Chiltern Bonsai Society



Pines, along with Junipers and Maples, are the one of principle subjects for Bonsai. An association with rugged and mountain scenery they evoke the struggle for existance that we seek to characterise in our creations. However, their growth style and consequent treatment and development, which is somewhat different to most other subjects, can make for confusion and apprehension for some.

How pines grow

The key to understanding how to develop pines is to know how their growth pattern happens over a year.

At the start of spring there is usually a single bud at the the end of the previous years growth. At the base of the same shoot is a ring (whorl) of buds which may number from 2 or 3 to 6 or even 8. By late spring, these buds will start to extend to produce a new shoot that is initially without leaves. This is called a candle. Because they are long and thin leaves are more commonly known as needles.

After 2-3 weeks the candle will develop needles in small bundles. Depending on the species there will usually be pairs of needles in each bundle with a couple of species having bundles of 3 needles or 5. The candles continues to extend as summer progresses and needles will be produced as the shoot extends.

Sometimes the lower part of the candle will be devoid of needles which will present future problems. Many pines tend to go dormant over summer, a process called aestivation and will resume growth again in the late summer and autumn.

At the end of summer a new bud forms at the end of the years growth and a whorl of buds form at the base. It is rare for buds to develop in the middle of a years growth.

If left to themselves pines will produce a standard Xmas tree shape with a single straight trunk and rings of branches at wide intervals. Only as a tree matures and ages will some of these braches decline and produce something interesting, by which time it has long gone beyond being useful for Bonsai purposes.

Pine species

In the UK, most of the pines are of a small subset of species that exist. Imported varieties from Japan are the Black and White pines, rarely the Red pine. Native to the UK is the wonderful Scots pine and from Europe the Mugo and occasionally the European Black and Cembra pines.

All of these have their own characteristics which also affect how they are treated.They principal characteristic is how much they are inclined to produce new shoots if so induced. The Japanese Black pine and to a lesser degreee the Red pine are 'multi-flush' pines in that they will produce more than one candle set per year. The rest are 'single-flush' pines which can only be relied on to produce one candle set per year.

Scots Pine - the standard case

There are many ways of developing these but there are two variations that will cover most situations: Maintenance and Development pruning.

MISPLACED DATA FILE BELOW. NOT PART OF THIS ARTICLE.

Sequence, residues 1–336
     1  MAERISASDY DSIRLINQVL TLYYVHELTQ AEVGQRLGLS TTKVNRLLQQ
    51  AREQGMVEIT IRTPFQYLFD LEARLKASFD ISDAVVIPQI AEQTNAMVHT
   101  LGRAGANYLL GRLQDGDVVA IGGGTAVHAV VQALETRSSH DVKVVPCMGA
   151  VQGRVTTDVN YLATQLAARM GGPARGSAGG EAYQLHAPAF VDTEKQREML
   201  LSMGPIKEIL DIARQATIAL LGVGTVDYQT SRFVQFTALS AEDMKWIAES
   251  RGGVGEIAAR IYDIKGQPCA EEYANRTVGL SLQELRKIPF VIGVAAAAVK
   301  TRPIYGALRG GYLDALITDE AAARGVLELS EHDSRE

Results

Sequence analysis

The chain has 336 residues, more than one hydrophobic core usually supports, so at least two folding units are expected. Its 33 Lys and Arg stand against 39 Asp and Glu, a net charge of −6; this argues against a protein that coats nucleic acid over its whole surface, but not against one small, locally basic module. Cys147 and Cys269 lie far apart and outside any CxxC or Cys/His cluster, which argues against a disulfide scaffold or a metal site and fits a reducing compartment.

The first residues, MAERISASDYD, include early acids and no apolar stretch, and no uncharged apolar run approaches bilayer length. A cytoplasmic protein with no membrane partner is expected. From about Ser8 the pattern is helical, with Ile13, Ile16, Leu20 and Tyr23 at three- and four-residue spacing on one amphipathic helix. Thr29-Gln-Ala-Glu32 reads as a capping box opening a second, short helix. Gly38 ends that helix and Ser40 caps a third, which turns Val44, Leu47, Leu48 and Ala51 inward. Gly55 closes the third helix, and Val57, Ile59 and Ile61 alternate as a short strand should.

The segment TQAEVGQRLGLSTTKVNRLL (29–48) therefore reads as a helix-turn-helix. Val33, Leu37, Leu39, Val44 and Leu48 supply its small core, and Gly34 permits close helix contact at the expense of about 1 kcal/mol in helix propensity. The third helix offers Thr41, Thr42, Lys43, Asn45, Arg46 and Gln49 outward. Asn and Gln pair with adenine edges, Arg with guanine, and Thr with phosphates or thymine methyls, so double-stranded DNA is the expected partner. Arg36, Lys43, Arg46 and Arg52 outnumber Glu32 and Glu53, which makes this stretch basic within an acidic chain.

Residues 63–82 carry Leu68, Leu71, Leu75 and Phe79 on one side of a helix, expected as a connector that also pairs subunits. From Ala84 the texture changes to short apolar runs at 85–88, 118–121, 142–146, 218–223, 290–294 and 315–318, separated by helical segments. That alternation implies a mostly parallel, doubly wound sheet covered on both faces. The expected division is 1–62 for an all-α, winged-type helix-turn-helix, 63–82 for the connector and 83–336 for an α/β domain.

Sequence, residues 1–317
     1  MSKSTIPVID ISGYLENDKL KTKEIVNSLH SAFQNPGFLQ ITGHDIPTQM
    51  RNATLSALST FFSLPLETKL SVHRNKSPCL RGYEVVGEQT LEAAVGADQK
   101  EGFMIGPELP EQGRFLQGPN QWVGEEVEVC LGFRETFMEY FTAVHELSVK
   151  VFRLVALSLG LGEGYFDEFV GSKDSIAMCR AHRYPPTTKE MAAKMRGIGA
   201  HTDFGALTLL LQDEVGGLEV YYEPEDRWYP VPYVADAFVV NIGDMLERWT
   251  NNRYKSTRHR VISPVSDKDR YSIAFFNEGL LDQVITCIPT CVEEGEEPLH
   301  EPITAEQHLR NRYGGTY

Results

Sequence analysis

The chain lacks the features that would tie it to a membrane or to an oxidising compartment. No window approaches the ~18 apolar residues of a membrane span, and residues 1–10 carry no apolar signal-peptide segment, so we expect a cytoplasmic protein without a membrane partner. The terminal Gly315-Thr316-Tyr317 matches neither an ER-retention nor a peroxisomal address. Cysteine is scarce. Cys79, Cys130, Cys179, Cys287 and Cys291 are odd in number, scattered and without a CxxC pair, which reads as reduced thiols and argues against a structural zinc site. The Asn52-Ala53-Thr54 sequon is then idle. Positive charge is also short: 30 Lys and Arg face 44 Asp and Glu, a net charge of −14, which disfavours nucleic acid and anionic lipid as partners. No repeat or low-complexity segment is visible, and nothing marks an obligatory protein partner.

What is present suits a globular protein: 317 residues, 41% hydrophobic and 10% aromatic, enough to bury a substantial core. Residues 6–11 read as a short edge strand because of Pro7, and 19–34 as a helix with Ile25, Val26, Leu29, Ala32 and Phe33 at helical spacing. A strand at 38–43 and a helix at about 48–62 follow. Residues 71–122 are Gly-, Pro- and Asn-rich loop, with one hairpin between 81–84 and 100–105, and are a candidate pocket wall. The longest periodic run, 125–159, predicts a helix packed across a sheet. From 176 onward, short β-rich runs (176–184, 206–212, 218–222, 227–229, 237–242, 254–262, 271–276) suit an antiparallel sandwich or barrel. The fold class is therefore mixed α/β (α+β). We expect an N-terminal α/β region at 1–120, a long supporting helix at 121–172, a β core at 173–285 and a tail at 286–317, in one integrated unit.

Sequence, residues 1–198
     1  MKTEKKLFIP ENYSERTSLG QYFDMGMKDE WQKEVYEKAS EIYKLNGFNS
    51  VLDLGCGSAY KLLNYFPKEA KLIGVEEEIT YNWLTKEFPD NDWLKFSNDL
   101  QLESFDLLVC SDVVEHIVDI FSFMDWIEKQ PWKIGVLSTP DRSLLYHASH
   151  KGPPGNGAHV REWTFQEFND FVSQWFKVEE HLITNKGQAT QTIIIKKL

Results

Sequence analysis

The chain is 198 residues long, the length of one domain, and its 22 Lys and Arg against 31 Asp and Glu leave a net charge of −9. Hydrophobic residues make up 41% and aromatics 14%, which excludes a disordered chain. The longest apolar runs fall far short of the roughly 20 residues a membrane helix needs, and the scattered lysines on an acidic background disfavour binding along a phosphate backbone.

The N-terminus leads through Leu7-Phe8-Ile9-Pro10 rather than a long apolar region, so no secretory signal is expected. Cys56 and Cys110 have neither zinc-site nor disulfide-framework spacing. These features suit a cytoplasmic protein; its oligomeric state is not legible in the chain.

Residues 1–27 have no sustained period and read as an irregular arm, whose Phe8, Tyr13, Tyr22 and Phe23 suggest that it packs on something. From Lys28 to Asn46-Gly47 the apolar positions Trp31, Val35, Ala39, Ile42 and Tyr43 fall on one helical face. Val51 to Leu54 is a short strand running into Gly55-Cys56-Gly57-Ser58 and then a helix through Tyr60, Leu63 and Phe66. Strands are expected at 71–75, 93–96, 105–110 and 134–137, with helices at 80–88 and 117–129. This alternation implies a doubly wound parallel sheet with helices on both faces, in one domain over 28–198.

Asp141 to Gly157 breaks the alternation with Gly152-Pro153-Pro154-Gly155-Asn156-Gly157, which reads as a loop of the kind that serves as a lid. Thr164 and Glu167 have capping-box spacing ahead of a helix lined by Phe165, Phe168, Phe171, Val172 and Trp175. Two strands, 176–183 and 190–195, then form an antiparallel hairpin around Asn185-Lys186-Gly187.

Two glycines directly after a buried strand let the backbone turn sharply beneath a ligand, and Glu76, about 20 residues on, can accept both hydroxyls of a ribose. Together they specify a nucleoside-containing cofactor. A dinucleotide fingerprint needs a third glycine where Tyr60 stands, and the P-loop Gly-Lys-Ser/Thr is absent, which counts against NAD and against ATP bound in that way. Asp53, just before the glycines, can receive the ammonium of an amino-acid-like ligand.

Maintenance pruning is for mature, strong Bonsai that have largely been completed and just need to be kept in shape. Development pruning is for younger trees, that have yet to reach their desired size and structure. Most of our trees are in the development phase!

In Maintenance pruning, all candles are reduced the little more than one or two cm in late spring before the needles have fully developed. It is important that all candles are treated as there will be an imbalance as the uncut shoots will develop at the expense of the uncut ones.This keeps the tree to its desired structure and new buds will appear at the end of summer in the usual way. Bjorn Bjorholm made a great video of this (but beware of initial vulgarity).

In Development pruning we desire to keep the tree vigourous and strong, thickening the trunk and ready to produce lots of new shoots and even back budding on older sub-branches for the coming years. Delay the shoot shortening until mid/late summer (mid August in the UK). This allows the tree to utilise the new growth to feed and build up the resources ready for next year. It also results in multiple buds at the end of each shoot in Autumn. Reduce to 3 buds at the end of each shoot in late Autumn and further reduce to 2 buds in late winter keeping the two most similar in size at each tip.

The process the repeats each year using your method of choice for the desired results.

The halt of growth in mid summer allows an opportunity to wire a tree while sap flow is low. On the other hand, beware of old wire from late summer onwards. You may suddenly find braches thickening far more than you expect and unwanted wire damage.

Japanes Black and Red pines (2 needle pines)

With multi-flush pines the objective is to get two growth seasons in one and also keep the needle length as short as possible which is important with these species.

In summer (early July in UK), reduce the shorter shoots to just 4 bundles of needles. Ten days to a fortnight later, shorten the longer shoots similarly. This balances the relative strengths of shoots to get an even break of new buds. The very shortest and weakest buds should be left untouched to allow them to build strength.

Japanese White pines (5 needle pine) and Mugo pines (2 needle pine).

These are mountain pines accustomed to harsh winters and are much slower growers than the previous mentioned pines. They are generally left to their own development and only if a shoot gets excessivly long for the design should it be shortened.

The Japanese White pine has long been regarded as tempramental and accordingly been kept in shelter over winter. This has not worked and recent thinking is that it will benefit from a good winter and is better left outside.